Discover is no longer accepting new student loan applications.
Applications received on or before January 31, 2024, 11:59 pm CT will be processed as usual.

Discover Student Loans
Discover Student Loans

check mark   Article highlights

  • Interest is the cost of borrowing money over time and is generally stated as an annual percentage of the principal amount owed.
  • Fixed interest rates remain the same throughout the life of the loan while variable rates may change periodically.
  • Interest accrues daily while you are in school and during your grace period. This amount increases your total loan balance during repayment.

You've been through the tests, applications, and nail-biting anticipation of getting into college or graduate school. And you may have spent a lot of time researching your options to figure out which school is the best fit. Fortunately, there's no big test for your next important decision—choosing your student loan and lender.

Learning how student loan interest works, how interest rates are determined, and what to expect can help you make an educated decision before accepting a loan offer.

Key terms and concepts

Principal Balance The principal balance is the original or unpaid amount of a loan upon which interest is calculated. It may include capitalized interest.
Interest Interest is the amount of money charged to borrow money over time. Interest is generally stated as an annual percentage of the principal amount owed. The loan's interest rate determines how much interest accrues on your principal balance.
Accrued Interest The amount of interest that accumulates on the unpaid principal balance of a loan. Typically, it is calculated daily.
Annual Percentage Rate (APR) A percentage which represents the annualized cost of credit for a loan including finance charges (interest, fees, and other charges). The APR may be higher or lower than the interest rate.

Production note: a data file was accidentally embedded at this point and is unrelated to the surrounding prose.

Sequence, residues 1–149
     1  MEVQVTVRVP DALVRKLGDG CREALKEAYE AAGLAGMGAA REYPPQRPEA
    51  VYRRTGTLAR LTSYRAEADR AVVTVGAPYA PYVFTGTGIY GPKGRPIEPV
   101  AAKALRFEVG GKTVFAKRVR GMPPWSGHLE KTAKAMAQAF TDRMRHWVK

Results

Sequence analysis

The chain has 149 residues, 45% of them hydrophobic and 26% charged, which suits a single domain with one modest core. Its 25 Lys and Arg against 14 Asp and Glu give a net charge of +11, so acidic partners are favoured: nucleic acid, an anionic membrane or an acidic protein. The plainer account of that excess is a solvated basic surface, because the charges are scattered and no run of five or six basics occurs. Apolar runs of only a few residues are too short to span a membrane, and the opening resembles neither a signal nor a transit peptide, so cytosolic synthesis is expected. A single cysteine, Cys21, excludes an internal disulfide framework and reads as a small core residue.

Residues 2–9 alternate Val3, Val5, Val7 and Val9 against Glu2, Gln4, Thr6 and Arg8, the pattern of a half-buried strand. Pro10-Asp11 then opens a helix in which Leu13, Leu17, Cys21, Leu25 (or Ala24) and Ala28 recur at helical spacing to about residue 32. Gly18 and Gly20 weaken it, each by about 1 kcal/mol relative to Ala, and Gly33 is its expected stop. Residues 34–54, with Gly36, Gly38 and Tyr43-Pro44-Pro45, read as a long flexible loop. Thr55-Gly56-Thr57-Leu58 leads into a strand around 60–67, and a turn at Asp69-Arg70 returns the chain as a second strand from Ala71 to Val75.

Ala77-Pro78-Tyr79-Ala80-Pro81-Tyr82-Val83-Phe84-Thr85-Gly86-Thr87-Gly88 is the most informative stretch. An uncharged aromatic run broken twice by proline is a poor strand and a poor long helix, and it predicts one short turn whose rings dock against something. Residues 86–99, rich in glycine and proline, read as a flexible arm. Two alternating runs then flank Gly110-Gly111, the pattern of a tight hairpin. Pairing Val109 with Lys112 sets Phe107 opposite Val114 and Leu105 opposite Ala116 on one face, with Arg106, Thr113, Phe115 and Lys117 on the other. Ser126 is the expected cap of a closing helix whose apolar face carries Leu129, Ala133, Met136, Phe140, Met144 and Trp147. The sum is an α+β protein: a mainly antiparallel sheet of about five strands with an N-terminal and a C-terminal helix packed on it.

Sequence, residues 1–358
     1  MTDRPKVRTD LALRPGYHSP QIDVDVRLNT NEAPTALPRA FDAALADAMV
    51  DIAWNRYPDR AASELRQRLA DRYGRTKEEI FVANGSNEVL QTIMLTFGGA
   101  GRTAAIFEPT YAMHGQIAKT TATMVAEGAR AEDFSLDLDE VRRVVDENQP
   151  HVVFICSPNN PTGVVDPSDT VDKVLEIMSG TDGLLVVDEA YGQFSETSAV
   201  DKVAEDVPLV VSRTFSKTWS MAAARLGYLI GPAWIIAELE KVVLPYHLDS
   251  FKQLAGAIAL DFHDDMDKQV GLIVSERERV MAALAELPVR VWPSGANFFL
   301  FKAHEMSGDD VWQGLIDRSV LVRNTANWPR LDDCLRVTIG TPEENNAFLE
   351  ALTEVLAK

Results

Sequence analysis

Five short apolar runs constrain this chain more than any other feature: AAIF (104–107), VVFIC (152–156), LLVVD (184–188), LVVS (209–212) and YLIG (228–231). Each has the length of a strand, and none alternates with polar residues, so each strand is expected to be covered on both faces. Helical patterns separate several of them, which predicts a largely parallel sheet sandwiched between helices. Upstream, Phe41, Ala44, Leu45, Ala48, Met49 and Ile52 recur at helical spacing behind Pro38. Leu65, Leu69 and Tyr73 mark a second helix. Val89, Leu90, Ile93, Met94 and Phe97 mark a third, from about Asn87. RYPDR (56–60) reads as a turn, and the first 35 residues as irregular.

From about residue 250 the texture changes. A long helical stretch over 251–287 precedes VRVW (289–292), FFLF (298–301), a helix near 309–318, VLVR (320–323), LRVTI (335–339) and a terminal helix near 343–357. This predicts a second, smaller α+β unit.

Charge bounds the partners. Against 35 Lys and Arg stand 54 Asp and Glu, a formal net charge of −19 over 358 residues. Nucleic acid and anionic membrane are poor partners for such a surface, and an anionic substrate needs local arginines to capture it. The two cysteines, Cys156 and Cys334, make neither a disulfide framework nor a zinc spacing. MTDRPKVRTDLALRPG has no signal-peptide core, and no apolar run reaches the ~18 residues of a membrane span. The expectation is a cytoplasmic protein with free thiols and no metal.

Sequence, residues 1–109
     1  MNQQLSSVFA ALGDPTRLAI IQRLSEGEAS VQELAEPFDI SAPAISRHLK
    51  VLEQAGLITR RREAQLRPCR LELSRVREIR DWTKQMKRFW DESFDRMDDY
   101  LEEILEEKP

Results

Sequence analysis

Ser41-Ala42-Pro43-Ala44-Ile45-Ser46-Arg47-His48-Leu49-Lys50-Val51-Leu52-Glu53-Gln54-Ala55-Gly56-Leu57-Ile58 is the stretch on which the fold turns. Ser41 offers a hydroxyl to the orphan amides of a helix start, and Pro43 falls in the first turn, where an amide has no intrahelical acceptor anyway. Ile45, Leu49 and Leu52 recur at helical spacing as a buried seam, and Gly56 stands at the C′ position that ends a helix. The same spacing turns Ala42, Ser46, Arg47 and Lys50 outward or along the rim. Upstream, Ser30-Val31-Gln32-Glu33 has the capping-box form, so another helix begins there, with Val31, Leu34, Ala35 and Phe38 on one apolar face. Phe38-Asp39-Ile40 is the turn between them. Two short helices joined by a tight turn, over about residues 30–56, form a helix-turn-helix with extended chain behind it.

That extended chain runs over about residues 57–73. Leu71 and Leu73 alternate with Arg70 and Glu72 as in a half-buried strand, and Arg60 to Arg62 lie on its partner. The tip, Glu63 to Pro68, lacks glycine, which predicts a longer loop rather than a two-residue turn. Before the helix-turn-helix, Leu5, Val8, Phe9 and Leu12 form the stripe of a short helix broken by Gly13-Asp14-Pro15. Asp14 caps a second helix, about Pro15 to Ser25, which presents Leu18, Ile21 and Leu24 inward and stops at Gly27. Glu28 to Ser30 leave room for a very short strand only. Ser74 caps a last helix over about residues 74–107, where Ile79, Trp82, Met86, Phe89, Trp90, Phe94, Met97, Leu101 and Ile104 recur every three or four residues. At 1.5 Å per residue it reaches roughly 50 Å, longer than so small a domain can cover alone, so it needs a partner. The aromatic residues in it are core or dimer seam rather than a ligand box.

Capitalization The process of adding the unpaid, accrued interest to the principal balance of a student loan when the borrower postpones paying interest during a deferment or forbearance. This will increase the principal balance due on your loan, the amount of your monthly payment, and the total cost of your loan.
Grace Period A period of time when the borrower is not required to make student loan payments. It’s usually six or nine months after the borrower ceases to be enrolled in school at least half-time.

Fixed vs. variable interest rates

When you apply for a private student loan, you may have the choice of selecting either a fixed or variable interest rate.

A fixed interest rate will remain the same throughout the life of the loan. It gives you the security of knowing how much you will pay each month, but could mean you pay more over the life of your loan because fixed interest rates generally start higher than variable interest rates depending on the economy. If you want predictable monthly payments and stability, a fixed interest rate may be the best option for you.

In contrast, a variable rate is an interest rate that may change periodically throughout the life of the loan. Variable interest rates are tied to an index. If the index changes, your loan’s interest rate will fluctuate with it.

The interest rate chart is for illustrative purposes only and does not reflect specific past or future performance.